Solving public problems isn’t the job of a few!

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If you ask people about their local RWA or apartment association, they’ll tell you a lot of uncharitable things. Words like ‘bickering,’ ‘clueless,’ ‘no communication’ etc. will dominate the response. And if you stop to think about it, you’ll realise that there are a lot of parallels between this and how they think about politics and governance of the country itself. What’s going on?

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First, solving public problems isn’t the responsibility of a few people. For legal and practical reasons we have formed these things – RWAs, industry associations, religious trusts, ward committees, city councils, state legislatures, parliament – but there is a vast different between functionally organising ourselves and pursuing ideas of progress together. These are very different worlds, and understanding that is important to getting the best of any of them.

People respond to inspiration, more than anything else. That means that our strategy for problem solving must be connected, in their minds, to lofty ideas that they agree with and endorse.

And that’s where our politics has gone wrong, at all levels. We are not sufficiently reminding ourselves WHY we do the things that we are doing. The motivations we articulate must connect with people. If we imagine that security guards and office bearers and elected representatives can substitute for this, we will only disappoint ourselves.

Changing language and perspectives

Some of it is changing. The language of “India first,” and “down with corruption” is replacing schemes and programs as that major determinants of how people vote. That will get even more powerful if we get more specific with the outcomes we seek. “A real education for every child.” “A living wage for all work,” “kids need public spaces too,” “the road is not just for cars” are arguments than can move a lot of hearts, and minds.

There are two things that we can do, at all levels, that can quickly help – set the goals in a very public way, and provide constant reminders of those goals. The activities carried out to achieve those goals will still be needed, but without the public articulation and the constant recollection of that ‘purpose,’ we will take a lot of things for granted. And end up being cynical about choices we have ourselves made. We even forget that the choices were made by us! If you had to sign in at a register every time you visit your friend, it’s hard to remember that friendship is the core of those visits.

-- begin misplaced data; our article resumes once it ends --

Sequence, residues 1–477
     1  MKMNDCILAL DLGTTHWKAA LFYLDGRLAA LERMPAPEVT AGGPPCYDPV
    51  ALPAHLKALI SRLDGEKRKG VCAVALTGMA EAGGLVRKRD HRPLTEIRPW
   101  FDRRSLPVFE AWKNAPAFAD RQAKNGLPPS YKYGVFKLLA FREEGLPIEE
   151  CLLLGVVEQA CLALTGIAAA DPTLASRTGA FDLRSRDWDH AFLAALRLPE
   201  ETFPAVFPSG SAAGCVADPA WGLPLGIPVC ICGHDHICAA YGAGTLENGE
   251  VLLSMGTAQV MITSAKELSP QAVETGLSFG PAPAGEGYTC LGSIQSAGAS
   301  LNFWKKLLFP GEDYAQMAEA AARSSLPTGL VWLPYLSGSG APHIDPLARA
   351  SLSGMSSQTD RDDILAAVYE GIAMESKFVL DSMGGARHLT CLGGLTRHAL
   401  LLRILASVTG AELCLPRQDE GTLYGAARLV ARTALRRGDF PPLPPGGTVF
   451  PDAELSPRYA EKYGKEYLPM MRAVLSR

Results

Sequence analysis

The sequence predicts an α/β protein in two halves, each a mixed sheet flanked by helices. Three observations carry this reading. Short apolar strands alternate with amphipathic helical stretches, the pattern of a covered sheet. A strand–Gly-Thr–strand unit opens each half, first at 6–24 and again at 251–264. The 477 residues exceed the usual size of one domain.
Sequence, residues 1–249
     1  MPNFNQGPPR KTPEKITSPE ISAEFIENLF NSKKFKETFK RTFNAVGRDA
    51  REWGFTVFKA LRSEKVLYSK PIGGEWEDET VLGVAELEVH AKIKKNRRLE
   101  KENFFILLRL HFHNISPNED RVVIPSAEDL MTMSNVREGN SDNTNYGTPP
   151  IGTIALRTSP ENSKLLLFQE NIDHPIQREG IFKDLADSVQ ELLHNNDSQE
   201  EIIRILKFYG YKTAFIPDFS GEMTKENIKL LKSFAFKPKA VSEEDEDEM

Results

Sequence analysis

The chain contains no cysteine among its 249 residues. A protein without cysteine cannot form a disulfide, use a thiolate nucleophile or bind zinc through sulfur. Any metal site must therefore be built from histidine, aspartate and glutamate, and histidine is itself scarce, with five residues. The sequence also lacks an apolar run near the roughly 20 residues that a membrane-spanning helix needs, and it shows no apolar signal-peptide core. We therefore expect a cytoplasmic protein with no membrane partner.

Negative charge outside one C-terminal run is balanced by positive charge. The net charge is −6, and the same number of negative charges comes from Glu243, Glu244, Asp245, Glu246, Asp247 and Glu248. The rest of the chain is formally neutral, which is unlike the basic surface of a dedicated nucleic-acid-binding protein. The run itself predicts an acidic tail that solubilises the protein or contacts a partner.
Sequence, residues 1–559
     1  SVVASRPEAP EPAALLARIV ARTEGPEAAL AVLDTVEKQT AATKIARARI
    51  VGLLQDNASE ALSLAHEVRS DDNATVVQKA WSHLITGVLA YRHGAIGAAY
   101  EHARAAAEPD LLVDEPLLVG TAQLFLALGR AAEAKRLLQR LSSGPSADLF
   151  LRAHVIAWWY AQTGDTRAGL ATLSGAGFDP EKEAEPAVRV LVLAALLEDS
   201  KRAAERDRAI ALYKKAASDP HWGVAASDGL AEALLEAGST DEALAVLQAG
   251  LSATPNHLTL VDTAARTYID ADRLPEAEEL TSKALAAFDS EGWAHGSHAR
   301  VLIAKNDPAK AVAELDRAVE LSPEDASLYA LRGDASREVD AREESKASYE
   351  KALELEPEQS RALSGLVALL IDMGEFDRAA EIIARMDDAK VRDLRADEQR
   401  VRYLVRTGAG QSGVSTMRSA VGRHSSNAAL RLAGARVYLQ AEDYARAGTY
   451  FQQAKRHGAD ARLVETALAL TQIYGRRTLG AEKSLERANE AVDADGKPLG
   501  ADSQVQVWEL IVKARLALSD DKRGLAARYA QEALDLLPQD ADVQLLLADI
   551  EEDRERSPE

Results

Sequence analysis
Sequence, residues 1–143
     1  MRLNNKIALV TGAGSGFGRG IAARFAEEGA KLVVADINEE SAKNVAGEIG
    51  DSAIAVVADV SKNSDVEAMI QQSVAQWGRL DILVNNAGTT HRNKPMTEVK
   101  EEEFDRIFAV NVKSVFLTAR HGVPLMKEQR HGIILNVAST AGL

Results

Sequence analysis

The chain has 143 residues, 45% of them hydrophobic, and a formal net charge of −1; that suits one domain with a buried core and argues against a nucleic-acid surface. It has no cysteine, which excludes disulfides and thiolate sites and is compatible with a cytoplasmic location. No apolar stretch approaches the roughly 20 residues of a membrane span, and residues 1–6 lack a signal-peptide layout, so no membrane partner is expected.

We are constantly doing little things that we hope will improve our lives. But most of this seems like a rule here, a rule there. “No speeding,” “do not spit,” “remove your shoes,” ‘until 8 PM only,” “Always display your badge,” “visitors must sign” and so on. If we throw that lens away and instead put on the positive ones that we say drives our choices we’ll come to very different conclusions, and outcomes.

Ultimately, whether we segregate trash at home or whether walking in our campuses and neighbourhoods is safe, or whether our security guards have a place to sit while on the job, is as much a reflection of ourselves as the things we seek from the governments we elect. To be sure, there are other issues – knowledge, competence, egos, disagreements, corruption – that don’t get addressed by the large canvas alone, and for that the details will always be needed. But first we have to decide who we are. The rest will be much easier.


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About Ashwin Mahesh 96 Articles
Ashwin Mahesh has been involved in public policy for Bengaluru through his work with the Karnataka government. The views expressed here are his own. He is a member of the Lok Satta party. He is also CEO of Mapunity Information Services, and a director at Oorvani Media, publisher of Citizen Matters and India Together. He is also a visiting faculty with the Centre for Public Policy at IIM Bangalore.